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- Homework Statement
- Two coaxial, nonconducting cylinders have surface charge densities ##\sigma_a(\phi)## on ##\sigma_b(\phi)## on the inner and outer cylinders, giving rise to potentials ##V_a(\phi)## and ##V_b(\phi)## on the two surfaces. Find the potential (a) for ##r<a## (b) ##r>a## and (c) for ##r \in (a,b)##

(Vanderlinde, Example 5.3)

- Relevant Equations
- N/A

Hi!

The problem clearly states that there is a surface charge density, which somehow gives rise to a potential.

The author has solved the Laplace equation in cylindrical coordinates and applied the equation to the problem.

So ##\nabla^2 V(r,\phi) = 0##, and ##V(a,\phi) = V_a(\phi)## (where the potential takes on this value at the boundary). However, because of the surface charge at ##r=a##, doesn't the potential also satisfy Poisson's equation? Does this mean that given, ##V_a(\phi)##, we can also find ##\sigma_a##?

I cooked up an explanation to this:

$$\nabla^2 V(r,\phi) = \frac{\rho_a}{\epsilon_0} = \frac{ \sigma_a \delta(r-a)}{\epsilon_0}$$

But this is infinite at ##r=a## what's wrong? Is it because ##V(r,\phi)## is not valid at the boundary? I know it solves Laplace equation hence not valid where there are charges (that is why in the problem statement, the author only solves for ##r<a##). What does ##V(a,\phi) = V_a(\phi)## mean then?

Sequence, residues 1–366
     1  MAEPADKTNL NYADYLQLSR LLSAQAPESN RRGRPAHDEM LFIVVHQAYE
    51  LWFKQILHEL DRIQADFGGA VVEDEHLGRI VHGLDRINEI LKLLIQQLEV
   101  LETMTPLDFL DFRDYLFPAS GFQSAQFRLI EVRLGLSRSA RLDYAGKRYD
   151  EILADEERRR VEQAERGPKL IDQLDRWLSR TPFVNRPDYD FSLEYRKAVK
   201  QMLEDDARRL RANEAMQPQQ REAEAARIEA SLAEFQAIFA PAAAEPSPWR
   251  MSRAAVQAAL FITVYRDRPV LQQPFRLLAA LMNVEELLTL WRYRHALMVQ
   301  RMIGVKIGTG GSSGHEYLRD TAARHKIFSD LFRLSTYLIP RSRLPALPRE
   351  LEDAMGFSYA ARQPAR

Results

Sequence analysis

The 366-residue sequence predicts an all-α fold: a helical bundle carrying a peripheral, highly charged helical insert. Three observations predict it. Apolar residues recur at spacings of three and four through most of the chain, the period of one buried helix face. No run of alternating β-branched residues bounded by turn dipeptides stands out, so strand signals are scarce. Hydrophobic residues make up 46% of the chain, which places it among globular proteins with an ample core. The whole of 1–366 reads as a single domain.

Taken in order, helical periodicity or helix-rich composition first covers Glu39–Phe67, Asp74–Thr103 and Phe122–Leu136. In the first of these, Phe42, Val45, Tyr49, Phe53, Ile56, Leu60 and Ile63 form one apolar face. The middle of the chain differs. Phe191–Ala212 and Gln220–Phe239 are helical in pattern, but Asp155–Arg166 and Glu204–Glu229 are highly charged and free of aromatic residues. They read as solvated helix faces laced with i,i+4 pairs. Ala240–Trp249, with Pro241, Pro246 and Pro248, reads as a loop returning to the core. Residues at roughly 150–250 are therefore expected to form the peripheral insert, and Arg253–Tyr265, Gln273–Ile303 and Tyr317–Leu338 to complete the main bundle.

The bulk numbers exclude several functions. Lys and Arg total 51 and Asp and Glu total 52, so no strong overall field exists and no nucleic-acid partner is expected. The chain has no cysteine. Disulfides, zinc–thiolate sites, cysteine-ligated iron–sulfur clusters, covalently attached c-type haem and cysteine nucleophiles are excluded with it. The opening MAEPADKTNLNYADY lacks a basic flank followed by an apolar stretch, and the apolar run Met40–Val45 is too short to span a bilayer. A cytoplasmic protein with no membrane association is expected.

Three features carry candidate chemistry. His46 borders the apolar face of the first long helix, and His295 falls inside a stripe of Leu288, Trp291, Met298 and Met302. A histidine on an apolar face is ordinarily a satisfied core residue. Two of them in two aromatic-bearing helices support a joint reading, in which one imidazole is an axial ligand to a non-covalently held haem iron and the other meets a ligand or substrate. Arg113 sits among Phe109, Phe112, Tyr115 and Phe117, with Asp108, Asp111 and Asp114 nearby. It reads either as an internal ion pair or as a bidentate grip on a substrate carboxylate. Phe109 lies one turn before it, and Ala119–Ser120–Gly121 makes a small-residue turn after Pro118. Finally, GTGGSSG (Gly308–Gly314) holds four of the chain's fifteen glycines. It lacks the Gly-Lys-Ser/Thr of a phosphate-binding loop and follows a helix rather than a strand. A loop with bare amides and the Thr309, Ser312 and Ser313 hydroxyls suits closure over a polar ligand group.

Thanks in advance!

P.S. looks like someone asked this before but never got a reply...

https://www.physicsforums.com/threads/electromagnetics-parallel-plates-poisson-laplace.134235/

The problem clearly states that there is a surface charge density, which somehow gives rise to a potential.

The author has solved the Laplace equation in cylindrical coordinates and applied the equation to the problem.

So ##\nabla^2 V(r,\phi) = 0##, and ##V(a,\phi) = V_a(\phi)## (where the potential takes on this value at the boundary). However, because of the surface charge at ##r=a##, doesn't the potential also satisfy Poisson's equation? Does this mean that given, ##V_a(\phi)##, we can also find ##\sigma_a##?

I cooked up an explanation to this:

$$\nabla^2 V(r,\phi) = \frac{\rho_a}{\epsilon_0} = \frac{ \sigma_a \delta(r-a)}{\epsilon_0}$$

But this is infinite at ##r=a## what's wrong? Is it because ##V(r,\phi)## is not valid at the boundary? I know it solves Laplace equation hence not valid where there are charges (that is why in the problem statement, the author only solves for ##r<a##). What does ##V(a,\phi) = V_a(\phi)## mean then?

Thanks in advance!

P.S. looks like someone asked this before but never got a reply...

https://www.physicsforums.com/threads/electromagnetics-parallel-plates-poisson-laplace.134235/

Last edited: